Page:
Earlier this week, the final three episodes of Meghan Markle and Prince Harry’s documentary series premiered on Netflix.
Once again, fans who were hoping for scathing allegations against the royal family might have been disappointed.
The couple discussed their rocky relationship with the Windsor clan, of course, but they were far more focused on their own lives, and the challenges they’ve experienced in recent years.
With how much media coverage the Sussexes get, it’s tempting to think we know everything about them — but it turns out that their story is far more complicated than we imagined.
For example, we’ve known for years that Meghan has been targeted by coordinated hate campaigns on social media.
But very few of us were aware of just how hateful and dangerous the anti-Meghan rhetoric had become.
“I think for people to really understand, you know, when you plant a seed that is so hateful, what it can grow into,” the Duchess of Sussex explained in the doc.
“Just a couple of days ago, I was going through the manual for our security team at home, and on one of the pages that I happened to flip to, it was about online monitoring,” she continued.
“And they’re like: ‘If you see a tweet like this, please report it to the head of security immediately.’ And it just said: ‘Meghan just needs to die. Someone needs to kill her. Maybe it should be me.’
“And I was just like, ‘Okay.’ That’s, like, what’s actually out in the world because of people creating hate.”
Yes, Meghan has been forced to read tweets in which anonymous users fantasize about taking her life.
But the worst part, she says, is not the fear for her own safety, but the anxiety she feels for her children.
“I’m a mom. That’s my real life. And that’s the piece when you see it and you go, ‘You are making people want to kill me. It’s not just a tabloid. It’s not just some story. You are making me scared.’ Right?” Meghan said.
“That night, to be up and down in the middle of the night, looking down my hallway, like, ‘Are we safe? Are the doors locked? Is security on? Is every— that’s real. ‘Are my babies safe?’ And you’ve created it for what?” she continued.
“Because you’re bored or because it sells your papers or it makes you feel better about your own life? It’s real what you’re doing. And that’s the piece I don’t think people fully understand.”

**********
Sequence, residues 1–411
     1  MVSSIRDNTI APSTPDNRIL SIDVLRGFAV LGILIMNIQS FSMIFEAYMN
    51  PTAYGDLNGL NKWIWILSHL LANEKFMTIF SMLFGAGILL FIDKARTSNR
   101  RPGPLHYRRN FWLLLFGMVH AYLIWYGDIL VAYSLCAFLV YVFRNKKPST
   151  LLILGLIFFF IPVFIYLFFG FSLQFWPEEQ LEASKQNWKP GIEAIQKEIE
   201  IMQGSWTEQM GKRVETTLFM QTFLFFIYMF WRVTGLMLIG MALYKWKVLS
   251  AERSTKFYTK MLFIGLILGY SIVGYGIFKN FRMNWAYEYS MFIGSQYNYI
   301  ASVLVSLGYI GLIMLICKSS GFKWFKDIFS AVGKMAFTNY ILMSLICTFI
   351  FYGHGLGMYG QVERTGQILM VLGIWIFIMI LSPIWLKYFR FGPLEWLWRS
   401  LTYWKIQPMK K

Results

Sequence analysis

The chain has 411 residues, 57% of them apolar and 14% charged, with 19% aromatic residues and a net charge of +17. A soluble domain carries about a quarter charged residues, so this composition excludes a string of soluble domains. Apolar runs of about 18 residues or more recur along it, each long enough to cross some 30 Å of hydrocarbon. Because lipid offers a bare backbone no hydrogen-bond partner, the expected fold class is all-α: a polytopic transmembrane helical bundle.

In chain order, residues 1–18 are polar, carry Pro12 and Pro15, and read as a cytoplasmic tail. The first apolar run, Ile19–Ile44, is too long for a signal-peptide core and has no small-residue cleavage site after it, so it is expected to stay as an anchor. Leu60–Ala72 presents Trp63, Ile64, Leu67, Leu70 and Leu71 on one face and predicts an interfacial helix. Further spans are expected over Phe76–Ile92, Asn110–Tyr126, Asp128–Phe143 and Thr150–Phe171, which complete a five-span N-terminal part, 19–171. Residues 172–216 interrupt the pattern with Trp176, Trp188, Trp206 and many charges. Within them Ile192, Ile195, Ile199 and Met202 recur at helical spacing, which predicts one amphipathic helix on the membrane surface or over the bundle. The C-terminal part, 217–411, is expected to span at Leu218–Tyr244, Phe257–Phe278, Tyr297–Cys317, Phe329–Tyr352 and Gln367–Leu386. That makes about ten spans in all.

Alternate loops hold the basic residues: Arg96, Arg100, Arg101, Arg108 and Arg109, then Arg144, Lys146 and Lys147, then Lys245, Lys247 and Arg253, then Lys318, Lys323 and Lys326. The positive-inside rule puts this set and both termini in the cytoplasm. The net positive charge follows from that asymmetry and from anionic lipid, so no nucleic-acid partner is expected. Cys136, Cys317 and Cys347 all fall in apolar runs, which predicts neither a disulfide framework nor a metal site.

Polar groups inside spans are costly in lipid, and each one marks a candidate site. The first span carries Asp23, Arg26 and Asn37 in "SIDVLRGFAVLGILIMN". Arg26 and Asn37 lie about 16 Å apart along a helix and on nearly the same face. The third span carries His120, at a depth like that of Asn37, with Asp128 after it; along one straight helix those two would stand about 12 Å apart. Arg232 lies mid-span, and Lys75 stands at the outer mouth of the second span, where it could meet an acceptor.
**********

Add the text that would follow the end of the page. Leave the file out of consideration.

Yes, Meghan is begging the trolls and stalkers simply to consider their actions and ask themselves why they’re engaging in such repugnant behavior.
Sadly, it seems unlikely that they’ll even consider taking such steps.
Elsewhere in the series, Meghan stated that she didn’t comprehend the full power of the British tabloid media until after she became its favorite target.
“I had still been under the delusion that if it was in a tabloid, no one believed it. Like, it’s a tabloid,” she explained.
“Then, we had a walkabout in Liverpool and there was a group of women, and one of them said to me, ‘What you’re doing to your father’s not right,'” she continued.
“It was the first time that I went, ‘Oh, my God. People actually believe this stuff.’ And then my entire center was rocked to its core.”
Those who were not already biased against her could see that Meghan was victimized by her father, not the other way around.
But the tabloids realized early on that there was money in confirming the public’s pre-existing biases against Meghan, so that’s what they did.
At one point in the Netflix documentary Harry says that Meghan’s miscarriage was the result of stress caused by the media.
As the series continues, it becomes more and more evident that the Duke was not exaggerating.
And Meghan and Harry will be forced to carry that knowledge — and that rage — with them for the rest of their lives.